Receiving this gift of living water, the Samaritan woman could only respond by leaving her water pot on the ground as if she wanted it to represent the life she was leaving behind. No more failed relationships, no more attacks on her self-esteem, no more an outcast in life, she had tasted of the living water and was preparing to live. Blessed, forgiven, empowered, liberated, and filled with courage this Samaritan woman has a mission for the Messiah. This nameless Samaritan woman who left her water pot at the well has become herself a vessel for the gospel. Her life and testimony become the conduit for the redemption of all of her Samaritan relatives and neighbors. Her life, a clay jar, now contains the great treasure of grace, and she shares it with others, regardless of cultural codes, rules, or customs. Her life becomes the pitcher that contains Christ’s living water for the world. In her testimony she offers an opportunity to taste the water that will quench people’s thirst and restore their being to wholeness and holiness.

                 “Being a witness,” theologian Linda Bridges writes, “is allowing one’s life to be the conduit of God’s grace for another. Our name or family pedigree does not matter. Our past history is of no particular concern. All that God requires is willing vessels who will leave behind the past and walk boldly into the future, carrying the living water of God’s forgiveness and mercy in their lives. A nameless woman from Samaria walks before us as a paradigm of the new creation God intends each one of us to be.” May it be so for you and for me as we join her on the way.

 

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         “To journey without being changed is to be a nomad. To change without journeying is to be a chameleon. To journey and to be transformed by the journey is to be a pilgrim.”

            Mark Nebo reminds us with these few words that we, who choose to walk with Jesus to Jerusalem, are all pilgrims. We are sojourners on a transformative journey whose final destination is far off into an eternity that stretches well beyond these Lenten days and weeks to the foot of Christ’s cross where we will weep our hosannas and shout joyous hallelujahs inside the empty tomb of resurrection.

            Now, you may not feel you are sojourners after all we haven’t physically traveled away from home toward some distant place, however the truth is we are all pilgrims in the same way that all Christians are pilgrims because the Greek word “paroika” means sojourner and is the root of the English word “parish” meaning a “congregation of pilgrims or sojourners” and second,  because the life of faith is a continuing journey with and to God that is not limited by geography, but rather is both an outward and an inward journey.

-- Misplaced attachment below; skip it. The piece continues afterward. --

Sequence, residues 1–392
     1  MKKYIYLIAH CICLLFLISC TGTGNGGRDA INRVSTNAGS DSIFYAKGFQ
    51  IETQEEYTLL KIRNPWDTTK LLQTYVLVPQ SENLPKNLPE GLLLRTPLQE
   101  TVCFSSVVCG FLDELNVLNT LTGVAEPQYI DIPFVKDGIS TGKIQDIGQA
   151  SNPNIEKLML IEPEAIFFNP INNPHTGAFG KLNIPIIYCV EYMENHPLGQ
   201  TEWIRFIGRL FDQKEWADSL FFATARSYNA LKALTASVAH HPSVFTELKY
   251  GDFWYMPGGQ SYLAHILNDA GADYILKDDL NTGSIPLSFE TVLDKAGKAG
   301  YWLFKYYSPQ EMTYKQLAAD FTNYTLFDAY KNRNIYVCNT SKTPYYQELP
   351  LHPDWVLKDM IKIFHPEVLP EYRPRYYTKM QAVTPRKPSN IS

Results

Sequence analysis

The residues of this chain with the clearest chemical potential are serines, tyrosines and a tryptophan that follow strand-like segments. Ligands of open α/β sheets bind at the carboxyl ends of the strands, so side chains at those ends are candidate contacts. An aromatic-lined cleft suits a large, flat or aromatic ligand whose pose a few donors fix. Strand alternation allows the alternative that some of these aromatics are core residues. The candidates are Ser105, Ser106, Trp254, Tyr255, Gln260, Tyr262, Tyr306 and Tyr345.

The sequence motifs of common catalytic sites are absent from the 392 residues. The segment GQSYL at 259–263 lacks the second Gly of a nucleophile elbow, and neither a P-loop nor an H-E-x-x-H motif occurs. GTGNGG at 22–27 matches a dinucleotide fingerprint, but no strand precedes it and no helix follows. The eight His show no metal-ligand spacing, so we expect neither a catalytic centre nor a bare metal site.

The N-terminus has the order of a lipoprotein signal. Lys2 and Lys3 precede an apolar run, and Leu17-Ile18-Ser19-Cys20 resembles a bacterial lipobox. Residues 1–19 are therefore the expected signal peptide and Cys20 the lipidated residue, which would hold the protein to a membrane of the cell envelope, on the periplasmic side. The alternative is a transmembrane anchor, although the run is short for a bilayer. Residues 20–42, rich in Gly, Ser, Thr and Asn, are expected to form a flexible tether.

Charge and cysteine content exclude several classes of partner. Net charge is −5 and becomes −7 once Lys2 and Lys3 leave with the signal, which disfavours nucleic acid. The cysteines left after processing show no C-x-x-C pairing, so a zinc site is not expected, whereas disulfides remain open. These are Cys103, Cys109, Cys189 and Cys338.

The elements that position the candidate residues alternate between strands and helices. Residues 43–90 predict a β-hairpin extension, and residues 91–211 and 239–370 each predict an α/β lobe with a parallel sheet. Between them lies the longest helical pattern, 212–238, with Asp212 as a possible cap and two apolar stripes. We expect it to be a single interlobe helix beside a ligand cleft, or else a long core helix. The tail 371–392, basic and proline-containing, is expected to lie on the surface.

Indeed, you traveled outward on Sunday mornings when you leave your homes to come to a church to worship and in doing so you continue your sojourning, your pilgrimage to deepen your inward spiritual journey. Even a sanctuary is a place for traveling whether one walks up the aisles to find a place to sit and rest and to listen or one is invited to walk up the aisle to participate in the Lord’s Supper by intinction or to bring an offering to God’s table. Classic cathedrals have ambulatories, which are simply a rounded corridor at the very front of the church that is literally, “a place for walking.” I suppose every sanctuary could a place for walking around if they did some major renovations. Of course that might be a risky thing to do.

            Yet, risk is part of every pilgrim’s journey. My favorite psalm, Psalm 121 speaks to us of the risks of sojourning in its very first line, “I lift my eyes to the hills, from where will my help come?” Here is the affirmation that every pilgrim knows, the world is a dangerous place. The psalmist wrote those words to describe the foreboding sense of danger from nomadic bands of bandits or armies as well as the wild beasts of the wilderness taking refuge in the crags and crevices of the hills. However, the world is still a dangerous place shrouded in the darkness of seeking hidden answers to big and important questions such as, “how did life begin?” How do I find the purpose for my life? Where will I belong? Where can I be safe and find good food and shelter?

            The world is, also, a place shrouded in the darkness of death from physical violence, emotional turmoil, unremitting and destructive chaotic change, disease, and fearful anxiousness leading to conflict. Think about how the survivors of the 8.9  and all the other 350 earthquakes and the tsunami and the nuclear reactor meltdown in Japan must have felt after more than a week of complete darkness and bitter cold with very little heat,  little water, little food while saturated with grief and despair? How can they not be lifting their eyes to the hills and wondering, pleading, crying out, “from where will our help come?”